BRAYDEN SCHENN shudders every time he hears the question.
"Do you finally feel like you are getting comfortable after what you went through in the first half of the season?"
After more than a month since his last injury, Schenn has strung together 14 straight games. He still knocks on the wooden bench in the Flyers' dressing room, but Schenn would like to believe he is past the shoulder injury, the salary-cap squabble, the broken foot and concussion that marred his supposed-to-be storybook beginning with the Flyers.
He spent the All-Star break at the Atlantis Resort on Paradise Island in the Bahamas with his older brother, Maple Leafs defenseman Luke Schenn, and about 25 other NHLers. The trip served as both a vacation and a chance to clear his mind.
Now, Schenn has his sights set on one thing: moving forward. That's what makes the questions so hard to answer.
"I get asked that question a lot," Schenn said. "I just want to put the first half out of my mind. I just want to think about the positive things. For me, that's having a strong second half and helping the team win."
On the ice, Schenn's confidence is apparent. Peter Laviolette pointed to Schenn's monster game against Boston on Jan. 22 - with 25 shifts, two shots, two attempts blocked, a fight, and none of his six hits bigger than the one that nearly knocked Bruins defenseman Stephen Kampfer back a week in time - as Schenn's coming-out party.
He's followed that up with goals in his last two games to go along with six shots.
"He's been involved offensively," Laviolette said. "When players miss training camp, it's tough to jump back into the season. I think it's even more difficult doing what he's trying to do, which is miss substantial amounts of time, and as you get further along, the games get harder and harder to play. Space gets harder to find.
"I do think he's finding his way a little bit. He's contributing, which is a real positive for us."
In last summer's trade with Los Angeles for Mike Richards, Wayne Simmonds was supposed to be the wild card. Schenn, a No. 5 overall pick by the Kings in '09, was the can't-miss prospect.
He has only four goals and two assists in 21 games, but he's only begun to scratch the surface. Along the way, he's gotten invaluable help from roommate Claude Giroux - who has already learned how to temper expectations in Philadelphia and produce.
"I try and play with more confidence every day," Schenn said. "I want to get better game by game. 'G' has helped me a lot with that. There's nothing better than to learn from a guy like that, who's been around but not too long, and he's one of the top players in the league.''
After battling through a herniated disk in his neck over the past few weeks, Zac Rinaldo might finally be ready to return to the lineup tonight against Nashville. Coincidentally, he suffered the original injury when colliding with the Predators' Jordin Tootoo in Nashville on Jan. 14.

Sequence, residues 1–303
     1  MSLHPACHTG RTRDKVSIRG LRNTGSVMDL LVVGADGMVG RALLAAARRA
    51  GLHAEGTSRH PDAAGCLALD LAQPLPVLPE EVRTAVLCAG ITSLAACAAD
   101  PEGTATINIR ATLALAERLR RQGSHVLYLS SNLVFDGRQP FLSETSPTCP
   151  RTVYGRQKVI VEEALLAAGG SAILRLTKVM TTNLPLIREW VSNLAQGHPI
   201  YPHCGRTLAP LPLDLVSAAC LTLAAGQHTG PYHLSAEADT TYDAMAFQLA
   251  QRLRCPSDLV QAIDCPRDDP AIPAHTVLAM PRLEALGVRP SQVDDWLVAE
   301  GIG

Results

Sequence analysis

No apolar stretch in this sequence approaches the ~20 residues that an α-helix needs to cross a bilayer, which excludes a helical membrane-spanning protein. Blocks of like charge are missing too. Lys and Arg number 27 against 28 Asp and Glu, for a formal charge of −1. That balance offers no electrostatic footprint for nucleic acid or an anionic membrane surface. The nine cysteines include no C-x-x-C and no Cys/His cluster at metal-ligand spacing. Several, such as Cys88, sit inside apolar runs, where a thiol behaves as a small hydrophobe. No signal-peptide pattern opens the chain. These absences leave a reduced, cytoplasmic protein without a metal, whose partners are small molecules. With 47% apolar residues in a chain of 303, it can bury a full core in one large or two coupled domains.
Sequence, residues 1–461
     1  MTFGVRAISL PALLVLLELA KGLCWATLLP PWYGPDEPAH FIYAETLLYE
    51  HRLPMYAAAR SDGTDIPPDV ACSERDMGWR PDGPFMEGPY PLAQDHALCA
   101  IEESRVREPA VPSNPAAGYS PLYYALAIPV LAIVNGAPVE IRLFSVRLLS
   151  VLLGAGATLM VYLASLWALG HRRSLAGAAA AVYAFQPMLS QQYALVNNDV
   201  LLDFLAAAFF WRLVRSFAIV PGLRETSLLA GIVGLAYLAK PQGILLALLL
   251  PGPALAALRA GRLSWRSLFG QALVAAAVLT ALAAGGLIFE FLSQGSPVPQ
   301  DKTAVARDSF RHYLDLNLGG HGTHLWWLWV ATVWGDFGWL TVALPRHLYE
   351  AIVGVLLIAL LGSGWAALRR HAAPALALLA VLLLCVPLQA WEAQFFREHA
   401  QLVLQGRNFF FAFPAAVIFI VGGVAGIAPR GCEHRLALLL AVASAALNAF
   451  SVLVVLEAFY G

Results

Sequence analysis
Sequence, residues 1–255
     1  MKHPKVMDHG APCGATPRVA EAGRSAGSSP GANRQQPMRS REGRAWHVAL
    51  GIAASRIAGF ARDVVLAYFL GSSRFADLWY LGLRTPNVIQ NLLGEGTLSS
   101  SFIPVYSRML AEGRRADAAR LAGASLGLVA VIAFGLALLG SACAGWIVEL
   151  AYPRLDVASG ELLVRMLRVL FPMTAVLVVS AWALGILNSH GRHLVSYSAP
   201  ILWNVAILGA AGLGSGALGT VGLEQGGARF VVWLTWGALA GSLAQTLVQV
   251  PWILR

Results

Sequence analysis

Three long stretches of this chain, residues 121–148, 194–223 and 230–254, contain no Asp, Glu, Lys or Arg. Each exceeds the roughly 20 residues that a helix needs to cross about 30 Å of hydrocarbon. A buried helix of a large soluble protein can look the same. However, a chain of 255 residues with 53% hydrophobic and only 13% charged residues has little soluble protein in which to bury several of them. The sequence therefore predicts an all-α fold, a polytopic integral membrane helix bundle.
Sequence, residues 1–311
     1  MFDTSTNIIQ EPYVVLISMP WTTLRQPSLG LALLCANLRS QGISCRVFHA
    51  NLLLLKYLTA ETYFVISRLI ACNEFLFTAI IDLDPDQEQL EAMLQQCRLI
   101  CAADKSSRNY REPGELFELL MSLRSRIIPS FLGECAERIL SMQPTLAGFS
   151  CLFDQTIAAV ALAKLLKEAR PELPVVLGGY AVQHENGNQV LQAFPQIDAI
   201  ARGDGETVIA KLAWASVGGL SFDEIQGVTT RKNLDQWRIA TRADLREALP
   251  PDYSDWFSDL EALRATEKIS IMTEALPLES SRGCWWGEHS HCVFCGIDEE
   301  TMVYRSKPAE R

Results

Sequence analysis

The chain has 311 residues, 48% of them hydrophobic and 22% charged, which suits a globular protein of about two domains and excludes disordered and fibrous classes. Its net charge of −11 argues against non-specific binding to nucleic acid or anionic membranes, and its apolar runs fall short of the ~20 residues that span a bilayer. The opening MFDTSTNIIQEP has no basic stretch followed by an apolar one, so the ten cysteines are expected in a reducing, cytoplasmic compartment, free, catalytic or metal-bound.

It flared up again in New Jersey a week later in his only attempt back. Yesterday, the Flyers sent Ben Holmstrom back to Adirondack, and Rinaldo was activated off the injured reserve in his roster spot.
He could be the spunk the Flyers' lineup has been missing.
"I really needed the time off," Rinaldo said. "I wanted to play, so I kept coming back without being 100 percent. It just kept getting worse and prolonging the injury. In the meantime, I was here every morning getting my neck treated. But I feel good now; it's just a matter of getting back in the lineup."
After being on the bubble to make the roster out of training camp, he's made an impression on Peter Laviolette and the coaching staff as a tireless worker and heavy hitter who can make the opposition nervous with the puck. He's already played in 36 games.
Rinaldo, 21, is only 35 penalty minutes behind Ottawa's Zenon Konopka for the league lead, despite averaging a little north of 6 minutes per game. Even checking in at just 5-11, 185 pounds, Rinaldo has dropped the gloves with the best of them. He is seventh in the league with 10 fights.
"This season has been a real eye-opener for me," Rinaldo said. "I think I've done a lot with the minutes I've been handed."
Both James van Riemsdyk and Danny Briere missed practice after previously skating for 2 consecutive days in their concussion rehab. "I guess you can call it a setback," Paul Holmgren said. "I don't know. We're dealing with concussions. They didn't feel as good [yesterday] as they did [Tuesday]. I'm not sure what that means." Briere has been out since Jan. 21; Van Riemsdyk has been out since Jan. 12 . . . Nashville, winner of five straight, is 13-2-0 in its last 15 games, the NHL's best mark since Dec. 28. The Predators have allowed only 1.86 goals per game during that stretch . . . The Predators and Flyers have executed more trades (17) than games played (14) between the franchises. Nashville is 3-4-1 all-time in Philadelphia.